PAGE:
Billionaire philanthropist Bill Gates has said India's research and vaccine manufacturing capabilities will help the world in fighting coronavirus. While delving deep on upcoming challenges of vaccine distribution across the world, Bill Gates, during the Grand Challenges Annual Meeting 2020, said India as a country has made long strides when it comes to developing health infrastructure. Calling India's journey "very inspiring", Gates said: "And now, India's research and manufacturing will be critical to fighting Covid-19 especially when it comes to making vaccines at large scale."
The Microsoft co-founder said right now the world was facing the biggest challenge in terms of ending the COVID-19 pandemic. Talking about the scientific breakthroughs with regard to coronavirus, Gates said researchers around the world are sharing data on a real-time basis rather than waiting for them to go through the traditional publication processes.
"Since the pandemic began, scientists have shared 1,37,000 viral Covid-19 genomic sequences," he added. He said the world has reunited against the deadly virus, which has claimed over 11 lakh lives so far. Even pharma companies are also cooperating in ways never seen before, said Gates. Gates said mRNA vaccine is one area that looks promising. "Probably, the first approved vaccine for Covid-19 will be mRNA," he said.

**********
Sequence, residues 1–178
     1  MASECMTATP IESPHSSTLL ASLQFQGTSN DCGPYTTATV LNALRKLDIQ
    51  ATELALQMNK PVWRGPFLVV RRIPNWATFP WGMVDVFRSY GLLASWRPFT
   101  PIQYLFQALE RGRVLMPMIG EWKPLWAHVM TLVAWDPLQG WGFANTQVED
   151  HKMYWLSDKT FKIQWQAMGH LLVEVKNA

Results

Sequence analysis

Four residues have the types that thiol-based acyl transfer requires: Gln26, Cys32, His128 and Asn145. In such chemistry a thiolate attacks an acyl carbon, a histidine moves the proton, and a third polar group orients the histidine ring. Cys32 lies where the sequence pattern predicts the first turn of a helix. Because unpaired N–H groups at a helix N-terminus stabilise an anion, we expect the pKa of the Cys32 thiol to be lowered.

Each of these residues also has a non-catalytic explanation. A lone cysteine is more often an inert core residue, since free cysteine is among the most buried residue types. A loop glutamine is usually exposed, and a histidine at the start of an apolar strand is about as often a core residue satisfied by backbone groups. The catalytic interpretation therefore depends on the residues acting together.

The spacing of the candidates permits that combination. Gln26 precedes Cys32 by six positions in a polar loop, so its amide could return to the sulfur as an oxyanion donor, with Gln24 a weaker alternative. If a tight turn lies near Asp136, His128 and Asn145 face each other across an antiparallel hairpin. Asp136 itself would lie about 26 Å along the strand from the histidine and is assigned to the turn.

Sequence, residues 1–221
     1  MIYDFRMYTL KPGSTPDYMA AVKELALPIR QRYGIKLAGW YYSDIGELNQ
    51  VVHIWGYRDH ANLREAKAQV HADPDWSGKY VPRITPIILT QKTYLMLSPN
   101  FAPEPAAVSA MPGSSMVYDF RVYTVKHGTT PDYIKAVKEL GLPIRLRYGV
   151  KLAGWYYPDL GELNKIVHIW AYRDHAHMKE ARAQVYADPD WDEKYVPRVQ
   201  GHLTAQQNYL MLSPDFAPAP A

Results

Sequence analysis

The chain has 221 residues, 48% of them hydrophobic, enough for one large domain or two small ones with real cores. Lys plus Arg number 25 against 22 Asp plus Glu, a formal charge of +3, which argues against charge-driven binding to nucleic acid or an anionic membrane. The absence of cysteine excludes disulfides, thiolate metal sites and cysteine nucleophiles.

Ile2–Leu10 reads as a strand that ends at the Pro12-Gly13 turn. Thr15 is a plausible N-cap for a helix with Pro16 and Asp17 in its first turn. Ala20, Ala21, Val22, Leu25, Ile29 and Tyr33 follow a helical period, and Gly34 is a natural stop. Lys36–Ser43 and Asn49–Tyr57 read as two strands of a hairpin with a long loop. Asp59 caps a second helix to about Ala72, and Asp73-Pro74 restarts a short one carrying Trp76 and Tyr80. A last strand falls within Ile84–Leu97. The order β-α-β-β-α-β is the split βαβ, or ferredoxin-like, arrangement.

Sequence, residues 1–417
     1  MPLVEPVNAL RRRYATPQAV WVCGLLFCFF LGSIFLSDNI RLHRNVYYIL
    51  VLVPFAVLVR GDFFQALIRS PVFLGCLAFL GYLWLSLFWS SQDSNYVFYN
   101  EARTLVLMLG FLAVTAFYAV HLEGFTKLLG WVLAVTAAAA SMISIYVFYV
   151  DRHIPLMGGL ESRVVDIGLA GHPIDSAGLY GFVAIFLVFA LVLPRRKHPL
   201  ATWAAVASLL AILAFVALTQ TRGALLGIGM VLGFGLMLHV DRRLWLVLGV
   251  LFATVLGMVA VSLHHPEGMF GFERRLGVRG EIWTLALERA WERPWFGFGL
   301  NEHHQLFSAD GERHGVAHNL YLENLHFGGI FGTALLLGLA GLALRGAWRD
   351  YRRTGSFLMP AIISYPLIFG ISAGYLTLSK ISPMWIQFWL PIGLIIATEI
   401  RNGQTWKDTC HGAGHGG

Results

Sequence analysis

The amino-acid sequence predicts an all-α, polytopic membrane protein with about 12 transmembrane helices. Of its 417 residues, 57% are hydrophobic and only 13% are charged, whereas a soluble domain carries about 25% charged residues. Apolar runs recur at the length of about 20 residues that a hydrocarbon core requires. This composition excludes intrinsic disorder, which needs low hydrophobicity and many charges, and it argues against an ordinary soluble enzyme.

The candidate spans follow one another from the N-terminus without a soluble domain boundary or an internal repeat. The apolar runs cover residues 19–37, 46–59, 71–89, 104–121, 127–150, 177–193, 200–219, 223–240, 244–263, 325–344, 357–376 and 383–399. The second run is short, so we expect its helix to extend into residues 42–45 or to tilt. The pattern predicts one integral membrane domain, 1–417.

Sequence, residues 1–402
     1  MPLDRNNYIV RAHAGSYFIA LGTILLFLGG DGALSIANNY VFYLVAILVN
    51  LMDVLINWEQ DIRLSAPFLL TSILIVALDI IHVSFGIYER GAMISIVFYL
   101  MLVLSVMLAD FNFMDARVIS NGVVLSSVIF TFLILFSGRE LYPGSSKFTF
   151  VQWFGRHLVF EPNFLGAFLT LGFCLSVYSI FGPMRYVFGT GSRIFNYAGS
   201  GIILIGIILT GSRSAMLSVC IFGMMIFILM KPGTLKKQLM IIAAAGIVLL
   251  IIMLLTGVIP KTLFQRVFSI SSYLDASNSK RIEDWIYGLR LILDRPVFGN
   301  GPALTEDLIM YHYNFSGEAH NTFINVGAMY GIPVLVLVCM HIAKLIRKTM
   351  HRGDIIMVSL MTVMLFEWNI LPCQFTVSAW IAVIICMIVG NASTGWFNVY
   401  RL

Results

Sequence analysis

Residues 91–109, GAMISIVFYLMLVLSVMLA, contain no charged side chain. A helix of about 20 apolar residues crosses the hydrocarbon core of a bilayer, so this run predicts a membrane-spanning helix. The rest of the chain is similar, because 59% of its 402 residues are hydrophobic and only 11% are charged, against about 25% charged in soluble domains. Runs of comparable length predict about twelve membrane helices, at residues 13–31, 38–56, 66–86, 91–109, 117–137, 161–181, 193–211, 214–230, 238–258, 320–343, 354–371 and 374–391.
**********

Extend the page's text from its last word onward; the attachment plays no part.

Multinational pharma companies like Moderna, Pfizer and BioNTech are conducting clinical trials of their vaccine candidates based on mRNA techniques. Messenger ribonucleic acid or mRNA medicines or vaccines are sets of instructions. And these instructions direct cells in the body to make proteins to prevent or fight disease.
Gates, however, said the vaccine development alone won't address the problem as its production can throw various challenges. He said it's difficult to store scale-up mRNA vaccine as it requires a proper cold chain.
He said it's important to understand this technology better to bring down the cost and the need for a cold chain environment. He also said that the diagnostic platforms also need to innovate further to produce accurate results.
He said diagnostics are letting people down as wrong results lead to infection spread. "Even when sometimes people are tested, results come back negative because some of the tests are not sensitive to the small nano-virus," he said.
Talking about the need to develop advanced diagnostic platforms, he said the current business model is identifying people with symptoms has to change. He said all international teams are working to bring the vaccine in the market at the earliest. "One or more of these vaccines will be available by early next year and as there will be multiple vaccines, it is necessary to make sure to understand how exactly and where to use each of them," he said.